The 1950s also saw a very glamorous woman appearing inthis advert for retailer Harrods, which proclaims ‘There’s nobody else like me.’ Celebrating individuality is discussed at length here, with the shopper in question clearly making more independent choices about her purchases. Whether short, tall, plump or slim – ‘Whatever my type, I’m catered for at Harrods,’ she says.
The 1960s were, famously, a time of sexual liberation for many women, with the introduction of the contraceptive pill (in 1961) and the decriminalisation of abortion (on certain grounds) in 1967 giving women far more control over their sex lives and reproductive health.
The mini skirt’s meteoric rise coincided with the women’s movement of the era – it became a symbol of liberation, promoted by designers including Mary Quant, and worn by feminists such as Germaine Greer and Gloria Steinem. This item allowed women to feel daring and provocative and part of a revolutionary fashion tribe, freeing them from dressing like their mothers. Quant claimed it was the girls on the street – specifically, Kings Road – who invented the miniskirt. ‘I was making easy, youthful, simple clothes,’ she said, ‘In which you could move, in which you could run and jump… and we would make them the length the customer wanted.’
The Bass beer advert featured here shows men and women sharing an intimate moment of parity, with a glass of beer each. They look relaxed and comfortable, mirroring each other’s pose, with the women’s head affectionately resting on the man’s shoulder. They are depicted as equals both enjoying a beer, a reward for a hard day at work. But of course it was not until 1982 that it was illegal to refuse a woman service at a bar!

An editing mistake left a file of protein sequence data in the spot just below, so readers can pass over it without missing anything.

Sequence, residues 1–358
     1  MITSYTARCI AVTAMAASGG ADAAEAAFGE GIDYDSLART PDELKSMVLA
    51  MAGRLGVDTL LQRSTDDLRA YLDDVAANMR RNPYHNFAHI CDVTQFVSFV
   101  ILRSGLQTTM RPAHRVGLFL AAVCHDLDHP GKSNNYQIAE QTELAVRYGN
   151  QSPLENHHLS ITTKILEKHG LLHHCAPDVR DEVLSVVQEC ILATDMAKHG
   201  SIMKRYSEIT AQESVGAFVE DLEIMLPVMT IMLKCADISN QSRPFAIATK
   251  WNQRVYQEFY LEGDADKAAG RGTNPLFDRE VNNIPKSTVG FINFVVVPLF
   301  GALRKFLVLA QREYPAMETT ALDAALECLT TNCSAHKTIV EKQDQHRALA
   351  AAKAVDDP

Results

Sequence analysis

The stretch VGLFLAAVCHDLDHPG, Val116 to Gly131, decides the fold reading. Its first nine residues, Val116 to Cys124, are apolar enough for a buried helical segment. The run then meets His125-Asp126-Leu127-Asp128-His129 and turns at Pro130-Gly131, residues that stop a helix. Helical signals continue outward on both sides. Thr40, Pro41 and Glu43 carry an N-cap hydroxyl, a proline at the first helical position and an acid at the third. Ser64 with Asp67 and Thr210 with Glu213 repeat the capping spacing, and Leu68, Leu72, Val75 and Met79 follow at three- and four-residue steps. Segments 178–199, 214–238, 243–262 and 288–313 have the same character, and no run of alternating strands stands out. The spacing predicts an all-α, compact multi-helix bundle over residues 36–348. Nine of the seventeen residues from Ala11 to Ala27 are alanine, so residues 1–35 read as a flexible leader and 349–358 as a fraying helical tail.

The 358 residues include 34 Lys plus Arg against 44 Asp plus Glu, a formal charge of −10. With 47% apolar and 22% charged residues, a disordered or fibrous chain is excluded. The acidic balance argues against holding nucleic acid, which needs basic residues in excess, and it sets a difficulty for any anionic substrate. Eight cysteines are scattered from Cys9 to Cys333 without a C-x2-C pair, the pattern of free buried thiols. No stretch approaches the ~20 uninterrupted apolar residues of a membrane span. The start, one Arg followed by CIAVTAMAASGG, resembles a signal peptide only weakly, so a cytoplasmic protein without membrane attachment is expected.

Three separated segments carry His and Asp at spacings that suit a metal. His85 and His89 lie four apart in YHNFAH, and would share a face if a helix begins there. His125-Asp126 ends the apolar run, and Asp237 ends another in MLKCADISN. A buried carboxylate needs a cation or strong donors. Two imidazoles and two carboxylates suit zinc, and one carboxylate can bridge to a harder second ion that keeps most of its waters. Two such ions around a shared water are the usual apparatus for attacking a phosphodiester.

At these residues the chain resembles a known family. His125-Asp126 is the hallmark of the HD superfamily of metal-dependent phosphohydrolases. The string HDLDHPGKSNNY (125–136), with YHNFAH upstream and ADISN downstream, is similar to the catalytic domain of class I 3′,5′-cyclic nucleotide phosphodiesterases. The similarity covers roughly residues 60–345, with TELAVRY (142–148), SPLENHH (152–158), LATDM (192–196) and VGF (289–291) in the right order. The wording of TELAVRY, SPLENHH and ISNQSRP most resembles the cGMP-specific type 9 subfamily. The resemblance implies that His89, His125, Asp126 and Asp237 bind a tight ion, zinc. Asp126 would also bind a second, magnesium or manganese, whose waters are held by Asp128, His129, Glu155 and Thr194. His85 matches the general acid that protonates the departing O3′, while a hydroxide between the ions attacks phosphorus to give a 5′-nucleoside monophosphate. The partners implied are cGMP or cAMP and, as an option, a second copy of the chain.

[1970s & 1980s – Second Wave Feminism]
The 1970s was when feminism really entered the public discourse. In 1970, Britain’s first national Women’s Liberation Conference was held, and the Equal Pay Act was introduced. The 1970 Miss World competition was interrupted by female protesters. By 1971, 4,000 women were taking part in the first Women’s Liberation march in London; 1972 saw the ground-breaking launch of feminist magazine Spare Rib.
1975 was declared Year of the Woman by the United Nations, with legislation making it illegal to discriminate against women in work, education and training. Mandatory maternity provision was introduced, and it became illegal to sack women because they were pregnant. In 1977, International Women’s Day was formalised as an annual event by the UN General Assembly. More career options became open to women… from a welder to UK Prime Minister. Margaret Thatcher became the first female prime minister of the UK in 1979.
Charlie fragrance adverts of the time almost always showed a woman in motion – striding purposefully like the woman here, and echoing a growing sentiment that, for women, the sky was the limit. Joyful and hopeful, Charlie was probably the first “lifestyle” fragrance: an affordable, youthful, daytime scent marketed to the woman wearing it, rather than her partner.
The Eighties saw a push for equal representation of women in the House of Commons. The first National Black Feminist conference was held in 1984, and in 1987 Diane Abbott became the first black woman member of Parliament. In 1988, Julie Hayward from Birkenhead won the first ever ‘equal pay for equal value’ case.
Working lives and the economy were experiencing a period of change. Women were finally able to apply for a loan or credit in their own names. The advert featured here from Trustee Savings Banks, while it seems patronising by today’s standards, came at a time when women were just starting to enjoy true financial freedom and exert their independence. Although the woman is still pictured in partnership with a man, she is dressed in business wear. The ‘girl’s guide to value for money’ being advertised showed women not just how to spend, but how to save, and how to truly profit from a life in the workplace.
The National Rail ad from 1984 shows how attitudes were changing around age. ‘You don’t have to be old to get a Senior Citizen’s Railcard,’ it says. ‘You just have to be 60.’
Older women were beginning to exert power and influence, and advertising began to reflect this. In fact, apart from the fashion choices of the very elegant lady pictured, this ad would seem progressive even today.
[1990s & 2000s – Normal Bodies?]
The 1990s saw the rapid spread of the internet. Married women were now taxed separately from their husbands, Betty Boothroyd became speaker of the House of Commons, and the Spice Girls burst on to the scene, shouting about Girl Power. In 1993, the United Nations affirmed that violence against women violated their human rights, and in 1994 rape in marriage was made a crime. In the general election of 1997, 101 women were elected as Labour MPs – the highest number ever.